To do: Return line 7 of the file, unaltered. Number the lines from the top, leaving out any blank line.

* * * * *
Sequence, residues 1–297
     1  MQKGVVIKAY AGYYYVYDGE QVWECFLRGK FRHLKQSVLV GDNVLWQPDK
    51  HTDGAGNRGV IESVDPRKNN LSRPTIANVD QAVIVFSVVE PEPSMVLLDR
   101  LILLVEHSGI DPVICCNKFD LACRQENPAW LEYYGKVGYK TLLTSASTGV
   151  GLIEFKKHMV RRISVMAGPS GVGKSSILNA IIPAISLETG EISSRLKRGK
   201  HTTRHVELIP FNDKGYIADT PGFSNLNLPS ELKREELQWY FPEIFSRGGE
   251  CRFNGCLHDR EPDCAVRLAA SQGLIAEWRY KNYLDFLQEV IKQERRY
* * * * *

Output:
   251  CRFNGCLHDR EPDCAVRLAA SQGLIAEWRY KNYLDFLQEV IKQERRY